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The Back of Men’s Heads

A Kurdish boy's Bar Mitzvah at the Western Wall brings an intimacy of strangers, and what feels like a blessing from the grave.

Last year my husband and I went to Israel to celebrate our son’s wedding. The day before the ceremony he had an aliyah (the honor of reading from the Torah) at the Kotel (the Western Wall) in Jerusalem. He’d had his bar mitzvah there 14 years earlier, and wanted to celebrate this milestone there as well.

When my husband and I entered the plaza at 8:30 a.m., it was already bustling with tourists, the many relatives of bar mitzvah boys having their celebrations that morning, and the hassidim at their morning prayers.

My husband, son, and brother-in-law went to make arrangements for the aliyah. I entered the women’s section of the Kotel, separated from the men’s by a high partition. I said my prayers and then returned to the entrance where I could watch the various bar mitzvahs. The women in their long-sleeved dresses, colorful kerchiefs covering their hair, shouted words of encouragement to the celebrants, trilling and throwing candies. Above, on top of the Wall, soldiers stood guard, holding their guns.

One bar mitzvah boy caught my attention. Slender, olive-skinned, and dark-eyed, he was dressed in a beautiful red coat embroidered with silver and gold; a gold hat glimmered on his black hair. His father, brothers, and uncles celebrated with him, while his mother, sisters, and aunts clapped and shouted from the women’s section. Their joy was wonderful to share, even for an outsider. What a beautiful family they were!

The sky was so blue, the May sun so hot—a chamsin. I had that special feeling one only experiences at the Kotel. Sweating, uncomfortable as I was, I could not tear myself away from watching this particular family.

I felt her presence next to me, even before I saw her. An attractive, older woman, in a dark print dress, stood at my side, a white lace scarf covering her graying hair.

“Isn’t that coat beautiful?” she asked me in Hebrew.

“Yes,” I replied. “I have been admiring it and the boy’s family for quite awhile.”

“You know,” she said after a moment’s pause. “Thai coat must have been handed down from generation to generation. Where do you think they are from?”

“I think they’re from Kurdistan,” I answered.

“I’m going to ask them,” the woman said. In a minute she returned.

“You’re right,” she said. “They are from Kurdistan. They seem to be a very happy family. The Kurdish Jews I know don’t have much materially, but they have strong family ties and are happy with whatever little they have. They observe all the Jewish celebrations. That coat, the woman said, has been in their family for years, going from father to son for each one’s bar mitzvah. I don’t have anything like that to give my children.”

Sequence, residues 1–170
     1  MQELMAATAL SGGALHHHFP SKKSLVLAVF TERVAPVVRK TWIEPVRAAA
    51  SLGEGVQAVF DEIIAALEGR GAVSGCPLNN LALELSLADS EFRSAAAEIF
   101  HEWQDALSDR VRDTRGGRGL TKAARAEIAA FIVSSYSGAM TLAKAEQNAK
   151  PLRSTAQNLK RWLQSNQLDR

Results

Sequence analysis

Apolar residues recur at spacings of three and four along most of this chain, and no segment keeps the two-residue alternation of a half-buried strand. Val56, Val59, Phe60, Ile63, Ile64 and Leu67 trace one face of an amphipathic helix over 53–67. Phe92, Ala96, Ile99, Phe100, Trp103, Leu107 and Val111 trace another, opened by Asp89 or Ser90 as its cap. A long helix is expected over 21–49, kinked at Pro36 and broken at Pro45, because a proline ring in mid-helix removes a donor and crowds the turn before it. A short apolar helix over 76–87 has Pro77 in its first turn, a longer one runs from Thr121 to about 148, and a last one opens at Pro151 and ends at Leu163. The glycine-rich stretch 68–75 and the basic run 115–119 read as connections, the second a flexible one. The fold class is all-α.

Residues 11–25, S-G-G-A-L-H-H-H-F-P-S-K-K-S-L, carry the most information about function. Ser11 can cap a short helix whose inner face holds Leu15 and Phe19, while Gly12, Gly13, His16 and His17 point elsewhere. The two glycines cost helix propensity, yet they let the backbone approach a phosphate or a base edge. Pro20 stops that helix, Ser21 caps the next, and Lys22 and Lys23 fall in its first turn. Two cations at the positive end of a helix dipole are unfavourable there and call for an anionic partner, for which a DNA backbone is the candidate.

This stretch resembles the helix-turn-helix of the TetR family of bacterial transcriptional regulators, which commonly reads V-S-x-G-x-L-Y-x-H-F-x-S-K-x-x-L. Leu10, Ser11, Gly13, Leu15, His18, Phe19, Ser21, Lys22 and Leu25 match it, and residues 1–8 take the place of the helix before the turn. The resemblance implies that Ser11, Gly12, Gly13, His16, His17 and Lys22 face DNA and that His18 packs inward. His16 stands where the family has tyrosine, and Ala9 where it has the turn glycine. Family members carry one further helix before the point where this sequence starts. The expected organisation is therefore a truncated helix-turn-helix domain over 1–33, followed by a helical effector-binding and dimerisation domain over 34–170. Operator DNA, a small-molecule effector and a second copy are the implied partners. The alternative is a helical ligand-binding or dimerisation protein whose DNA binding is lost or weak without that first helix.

“I don’t either,” I said. “How many children do you have?”

“I have four,” she answered.

“And why don’t you have anything to hand down to them?” I continued pressing her. She paused before answering me.

“My entire family was killed in the Holocaust and everything we had is gone,” she said.

“Where were you from?” I asked.

“Czechoslovakia.”

“How did you survive the war?” I asked, not looking at her. I continued watching the celebrations before me.

“I worked putting bodies into the ovens in Auschwitz.”

I felt my hair rise in horror as I turned to look at her. Yet at the same time, I was in awe of this woman. How could she have survived such an ordeal, have four children, live a seemingly normal life, and sleep at night? I felt her strength.

“Where are you from originally?” It was now her turn to ask the questions.

“From Holland,” I answered. “My entire family was killed during the war, too. I am the only survivor.”

“You must have been a very little girl at that time,” she said, looking at me closely. “How did you survive?”

I looked at her, my heart swelling with the emotion of the moment, my eyes stinging with tears.

“I was hidden by many different people. Sometimes I think I survived only by a miracle. I had so many close calls. Perhaps the purpose of my surviving, of my life, is to start my family all over again, to continue the lineage so it won’t disappear altogether.”

We stood silently, watching the elation of the bar mitzvah; two strangers with a special bond between us—an older and younger sister. We didn’t ask each other’s names, who we were or what we did. We were related at that moment by our pasts.

“Why did you come here today?” I asked her softly.

“It is the anniversary of my parents’ deaths. I come here every year on this day to say kaddish (the prayer for the dead) for them. And you?” she asked.

“My son is getting married tomorrow. We came for an aliyah.”

“Congratulations. I wish you, your son and your family much happiness.”

We shook hands and I watched her leave, not really wanting to break the connection, wanting to call her back. She had been sent to me on this special day to tell me that my young parents, so brutally murdered so many years ago at Auschwitz, were here, at the Kotel, giving their blessing to their grandson’s marriage.

Hedy Markowitz lives in North Miami Beach. This story is her literary debut